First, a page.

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Definition of identity and the mind-body problem


To: James M.
From: Geoffrey Klempner
Subject: Definition of identity and the mind-body problem
Date: 25 July 2002 08:15

Dear Jim,

Thank you for your e-mail of 17 July with the corrected version of your essay of 16 July for the Philosophy of Mind program in response to the question, 'What is identity? What is the relevance of a definition of "identity" to the problem of the relation between mind and body?'

I like what Ortega has to say about the self. I was charmed by his little book 'Some Lessons in Metaphysics' (Norton), where he proposes the formula, 'I am myself and my circumstances'. What he means is that 'I' is a relational concept, not a name of a substance. It is only in terms of the idea of 'I' as the name of a substance that the traditional oppositions between materialism, idealism and dualism can be expressed.

Philosophers are forever looking for ways to get behind a dispute and upstage the participants. This is something Kant does in various places in the 'Critique of Pure Reason', for example in the Antinomies of Pure Reason, where he shows that the theory that 'the world has a beginning in time' and also the theory that 'the world has existed forever' arise from a false, shared framework. In his Critical philosophy the question of 'the beginning of the world' cannot be posed in that way. (An 'antinomy' involves a pair of contrary propositions which appear to be contradictory, whereas in fact there is a third, overlooked alternative. This logical idea later became the core of Hegel's philosophical method, his 'dialectic'.)

It seems to me that a possible philosophical point of your examination of 'My Experience' (if I may speak for you) is to try to see if there might not be some logical space for manoeuvre in between these various 'isms'. The way things turn out, however, is that each of these three traditional ways of relating mind to body make an appearance in everyday experience. Everyone can cite experiences of when the mind seems to be physical, or when physical things seem to be mental, or when mind and matter appear as separate entities, in co-operation or at odds with one another.

It's hardly surprising, when you think about it, that the ideas which motivate the great metaphysical systems relate back to common experience. The materialist, idealist, dualist each identifies one particular type of experience as most illuminating of the whole. It is their epiphany. They are perhaps not even aware of doing so, because if they did become aware, they would realize that not all experiences fit this artificially restricted paradigm.

The point of the essay question did not directly concern identity over time (which is also discussed in the program) but rather identity at a time. What you say about personal identity - as applied to your own case as a representative example - certainly has implications for the problem of relating the criteria of bodily continuity, mental continuity etc. in a logical definition of 'personal identity'. Memory, as you show, is a much more complex thing than analytic philosophers working in this area are generally prepared to allow. However, this is not primarily what I was thinking of in raising the question, 'What is identity?' in relation to the mind-body problem.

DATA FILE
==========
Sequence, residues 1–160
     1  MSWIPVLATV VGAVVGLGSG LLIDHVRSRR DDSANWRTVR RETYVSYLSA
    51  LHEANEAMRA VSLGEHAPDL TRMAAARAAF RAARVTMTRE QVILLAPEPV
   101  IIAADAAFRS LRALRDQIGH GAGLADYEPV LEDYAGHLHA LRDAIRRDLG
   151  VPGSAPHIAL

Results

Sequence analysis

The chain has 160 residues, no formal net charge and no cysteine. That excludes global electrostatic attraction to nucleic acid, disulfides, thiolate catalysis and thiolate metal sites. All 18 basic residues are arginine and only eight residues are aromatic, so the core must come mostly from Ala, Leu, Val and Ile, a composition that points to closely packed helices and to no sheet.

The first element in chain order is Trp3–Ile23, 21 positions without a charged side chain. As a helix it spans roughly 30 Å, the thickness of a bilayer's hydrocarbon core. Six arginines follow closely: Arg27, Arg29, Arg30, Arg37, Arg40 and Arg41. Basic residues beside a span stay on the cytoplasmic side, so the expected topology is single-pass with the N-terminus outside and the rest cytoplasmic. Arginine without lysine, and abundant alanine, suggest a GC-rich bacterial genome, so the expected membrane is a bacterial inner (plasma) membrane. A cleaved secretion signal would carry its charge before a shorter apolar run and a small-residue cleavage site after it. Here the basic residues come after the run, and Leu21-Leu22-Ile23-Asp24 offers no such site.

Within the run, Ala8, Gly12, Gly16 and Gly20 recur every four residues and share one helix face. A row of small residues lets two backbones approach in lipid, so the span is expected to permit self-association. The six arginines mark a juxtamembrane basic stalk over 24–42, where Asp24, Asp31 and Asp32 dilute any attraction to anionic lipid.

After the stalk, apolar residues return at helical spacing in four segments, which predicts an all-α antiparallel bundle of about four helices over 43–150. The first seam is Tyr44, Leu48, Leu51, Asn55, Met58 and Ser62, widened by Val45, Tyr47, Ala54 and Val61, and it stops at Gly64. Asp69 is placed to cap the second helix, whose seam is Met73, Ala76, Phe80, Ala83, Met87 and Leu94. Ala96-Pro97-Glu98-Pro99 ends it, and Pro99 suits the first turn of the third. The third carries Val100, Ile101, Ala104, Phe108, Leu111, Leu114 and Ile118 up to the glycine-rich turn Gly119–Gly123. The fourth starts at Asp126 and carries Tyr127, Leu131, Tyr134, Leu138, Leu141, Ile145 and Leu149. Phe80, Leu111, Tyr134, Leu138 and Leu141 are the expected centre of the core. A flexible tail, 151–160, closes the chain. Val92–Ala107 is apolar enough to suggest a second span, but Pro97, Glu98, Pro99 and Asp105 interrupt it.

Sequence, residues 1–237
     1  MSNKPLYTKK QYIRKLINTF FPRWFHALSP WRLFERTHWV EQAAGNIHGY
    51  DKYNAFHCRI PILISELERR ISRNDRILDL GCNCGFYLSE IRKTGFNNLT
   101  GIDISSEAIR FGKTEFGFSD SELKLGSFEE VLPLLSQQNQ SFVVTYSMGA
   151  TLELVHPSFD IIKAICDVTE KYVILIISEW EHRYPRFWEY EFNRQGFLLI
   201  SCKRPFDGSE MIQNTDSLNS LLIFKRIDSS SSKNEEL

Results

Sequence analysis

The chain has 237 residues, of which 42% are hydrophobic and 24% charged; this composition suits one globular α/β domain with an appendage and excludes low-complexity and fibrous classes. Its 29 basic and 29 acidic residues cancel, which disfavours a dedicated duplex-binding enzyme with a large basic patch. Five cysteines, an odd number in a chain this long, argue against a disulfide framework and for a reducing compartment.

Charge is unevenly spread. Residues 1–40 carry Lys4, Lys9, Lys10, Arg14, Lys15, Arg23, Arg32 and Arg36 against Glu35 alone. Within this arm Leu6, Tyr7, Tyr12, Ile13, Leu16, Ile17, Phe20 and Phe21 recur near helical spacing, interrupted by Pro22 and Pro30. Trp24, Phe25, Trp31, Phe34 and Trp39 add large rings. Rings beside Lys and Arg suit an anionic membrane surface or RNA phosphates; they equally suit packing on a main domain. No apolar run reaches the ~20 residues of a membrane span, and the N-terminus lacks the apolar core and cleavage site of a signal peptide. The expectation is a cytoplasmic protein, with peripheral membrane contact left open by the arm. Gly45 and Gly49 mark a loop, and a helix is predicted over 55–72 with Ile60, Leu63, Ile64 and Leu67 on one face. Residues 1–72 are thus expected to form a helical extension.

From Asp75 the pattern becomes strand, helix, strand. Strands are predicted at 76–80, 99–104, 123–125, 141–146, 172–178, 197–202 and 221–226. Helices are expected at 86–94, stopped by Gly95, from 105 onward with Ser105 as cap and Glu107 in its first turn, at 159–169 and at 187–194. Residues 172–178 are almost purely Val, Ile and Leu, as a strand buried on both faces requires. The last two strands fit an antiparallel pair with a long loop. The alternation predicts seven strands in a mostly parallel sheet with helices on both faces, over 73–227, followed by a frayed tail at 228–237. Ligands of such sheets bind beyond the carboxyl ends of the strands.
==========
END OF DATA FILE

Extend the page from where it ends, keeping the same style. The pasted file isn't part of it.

In terms of the critique of the 'substance' theory, we can say that identity is a concept that involves putting two names on either side of an 'equals' sign. The identity statement is true if and only if the names refer to the 'same thing' and false otherwise. As Frege showed in his famous essay 'Uber Sinn und Bedeutung' ('On Sense and Reference') this is a blatantly circular definition (because it talks about 'the same thing' which is the very concept we are seeking to define). However, it will do to identify the area that we are exploring. As I explain in the program, identity statements can (surprisingly) convey information. To say that Morning Star is the Evening Star is not a tautology. But what is important, from our point of view (and Ortega's) is the implication that we are indeed dealing with *things*. The inner view provides the opportunity to 'name' various items of mental stuff. The outer view provides names for various items of physical stuff. The philosopher then speculates whether any identity statement involving names for inner and outer stuff can be true.

However, if, as the radical critic of the 'substance' idea seems to imply we have already gone astray in raising the question of identity (and I should point out before I forget that Hume, in criticizing Descartes' notion of mental substance, fully embraces the idea of substance, making each individual idea a self-contained 'substance' with an identity all of its own) then materialism, idealism and dualism are all equally non-starters so far as the problem of understanding the nature of our embodied existence is concerned.

My argument, for what it is worth, is that even if we *do* grant the 'substance' view, it is in fact impossible to make sense of identity statements where there is a name for an inner, mental something on one side of the equation and a name for an outer, physical something on the other. But that is another story.

One thing that I have not said is that I was moved by your account. Although it reads as a letter to me (you refer to our previous discussion at one point) I would like to see some suitably modified version of this as an article in 'Philosophy Pathways'. Would you be interested in doing that?

I enjoyed reading this. Thank you for your illumination.

All the best,